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Topic: Char poly of binomial matrix (Read 3401 times) 

Eigenray
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Re: Char poly of binomial matrix
« Reply #25 on: Mar 22^{nd}, 2007, 11:34am » 
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on Mar 22^{nd}, 2007, 6:47am, Barukh wrote:That doesn't help to find the multiplicites in our case, does it? 
 I'm not sure what you mean: we know the minimal polynomial of A divides t^{3}1, so it has distinct roots. This implies all Jordan blocks of A are 1x1, i.e., A is diagonalizable. The multiplicity of an eigenvalue in the characteristic polynomial is the sum of the sizes of the Jordan blocks corresponding to it, but this is just the number of times it appears in the diagonalization of A. Quote: Another equation would be b = b’ (because , ^{2} are kind of conjugate) 
 This reasoning would be enough in the case p=2 mod 3, because then F_{p}, so the Frobenius automorphism fixes F_{p} (hence the characteristic polynomial) but interchanges and ^{2}. But in the case p=1 mod 3, a different argument is needed. For example, there are matrices with entries in F_{7}, with eigenvalues 1, 2, 4, of arbitrary multiplicities. Quote:, and the last is: ab = Tr(A) mod p. The latter turns out to be equal to (1)^{p mod 3}. This gives the answer. It remains then to prove the last identity. 
 Exactly. We have of course Tr(A) = _{k=0}^{p1} C(2k, k). As a sort of hint, what is _{k=0} C(2k, k) x^{k}? Why?


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Barukh
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Re: Char poly of binomial matrix
« Reply #26 on: Mar 23^{rd}, 2007, 8:25am » 
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on Mar 22^{nd}, 2007, 11:34am, Eigenray wrote: I'm not sure what you mean: we know the minimal polynomial of A divides t^{3}1, so it has distinct roots. 
 I meant that using all this information didn't show (at least to me) the way to calculate the multiplicites. Quote: This implies all Jordan blocks of A are 1x1, i.e., A is diagonalizable. 
 This takes me once again to the point we were discussing earlier and that is still not completely clear for me (maybe, I simply misunderstand the concept of diagonalization?). Take p = 5. The eigenvalues of A(5) will be, as we know, 1, , , ^{2}, ^{2}, and these same values will be at the diagonal of the diagonalization of A. Now, 4 out of 5 values are not in Z/5. This clear is not in line with you statement earlier in this thread: Quote: that a matrix is diagonalizable (over some field F) iff its minimal polynomial splits into distinct linear factors over F.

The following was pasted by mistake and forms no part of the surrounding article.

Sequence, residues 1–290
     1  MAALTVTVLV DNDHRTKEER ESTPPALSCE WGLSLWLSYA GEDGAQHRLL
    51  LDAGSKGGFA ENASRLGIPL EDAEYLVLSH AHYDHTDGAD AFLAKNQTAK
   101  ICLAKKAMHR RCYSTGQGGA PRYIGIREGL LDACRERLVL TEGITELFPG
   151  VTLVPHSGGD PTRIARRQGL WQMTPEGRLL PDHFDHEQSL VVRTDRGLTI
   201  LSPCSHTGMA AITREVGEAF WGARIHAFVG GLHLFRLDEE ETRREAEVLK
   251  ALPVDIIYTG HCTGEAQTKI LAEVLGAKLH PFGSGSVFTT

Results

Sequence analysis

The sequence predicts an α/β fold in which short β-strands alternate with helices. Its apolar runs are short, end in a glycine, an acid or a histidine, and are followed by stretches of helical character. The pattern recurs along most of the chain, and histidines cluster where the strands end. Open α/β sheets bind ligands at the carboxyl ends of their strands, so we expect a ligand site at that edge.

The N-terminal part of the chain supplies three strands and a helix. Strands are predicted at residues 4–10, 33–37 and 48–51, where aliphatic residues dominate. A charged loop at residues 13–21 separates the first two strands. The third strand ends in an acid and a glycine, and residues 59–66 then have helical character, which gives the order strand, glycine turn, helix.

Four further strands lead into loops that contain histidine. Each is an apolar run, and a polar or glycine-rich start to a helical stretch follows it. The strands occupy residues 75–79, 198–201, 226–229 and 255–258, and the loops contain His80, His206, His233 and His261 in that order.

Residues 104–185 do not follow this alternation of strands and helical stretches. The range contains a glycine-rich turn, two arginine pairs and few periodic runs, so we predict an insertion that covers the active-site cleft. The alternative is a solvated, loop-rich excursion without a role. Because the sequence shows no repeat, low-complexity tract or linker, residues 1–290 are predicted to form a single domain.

But later you mentioned that “over F” should be replaced by “over some extension of F”. Which extension of Z/5 can we take in this case? Quote:But in the case p=1 mod 3, a different argument is needed. For example, there are matrices with entries in F_{7}, with eigenvalues 1, 2, 4, of arbitrary multilicities. 
 Yes… I felt something is missing here. Quote:As a sort of hint, what is _{k=0} C(2k, k) x^{k}? Why? 
 It equals (14x)^{1/2} (because of a nice identity involving convolution of central binomial coefficients).

« Last Edit: Mar 23^{rd}, 2007, 8:27am by Barukh » 
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Eigenray
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Re: Char poly of binomial matrix
« Reply #27 on: Mar 23^{rd}, 2007, 1:36pm » 
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on Mar 23^{rd}, 2007, 8:25am, Barukh wrote: I meant that using all this information didn't show (at least to me) the way to calculate the multiplicites. 
 It wasn't really intended to, it was just to show how the minimal polynomial can be read off from the Jordan normal form; in this case, knowing the minimal polynomial gives you information about the Jordan normal form. Quote:Take p = 5. The eigenvalues of A(5) will be, as we know, 1, , , ^{2}, ^{2}, and these same values will be at the diagonal of the diagonalization of A. Now, 4 out of 5 values are not in Z/5. 
 So A(5) is not diagonalizable over F_{5}=Z/5. But it is diagonalizable over F_{25} = F_{5}[], a degree 2 extension of F_{5}, obtained by adjoining , a solution to x^{2}+x+1=0. That is, F_{25} is isomorphic to F_{5}[x]/(x^{2}+x+1), where corresponds to the equivalence class of x. Explicitly, over this field, a basis of eigenvectors is (1, 3, 3, 3, 1), (1, 1, 1+2, 0, ^{2}) (0, 1, 2, 1+, 0) (1, 1, 1+2^{2}, 0, ) (0, 1, 2^{2}, 1+^{2}, 0), with eigenvalues 1, , , ^{2}, ^{2}, respectively. Quote:This clear is not in line with you statement earlier in this thread: a matrix is diagonalizable (over some field F) iff its minimal polynomial splits into distinct linear factors over F 
 That statement is true. Over F_{5}, the minimal polynomial factors into irreducibles as (x1)(x^{2}+x+1). It doesn't split into linear factors, but it's still separable, because over the field F_{5}[], it factors into distinct linear factors (x1)(x)(x^{2}). So the matrix is diagonalizable over F_{5}[], but not over F_{5}. Quote:But later you mentioned that “over F” should be replaced by “over some extension of F”. 
 When I said that I was referring to Quote:x^{3}1, which has distinct roots (of degree no more than 2) over F_{p} iff p3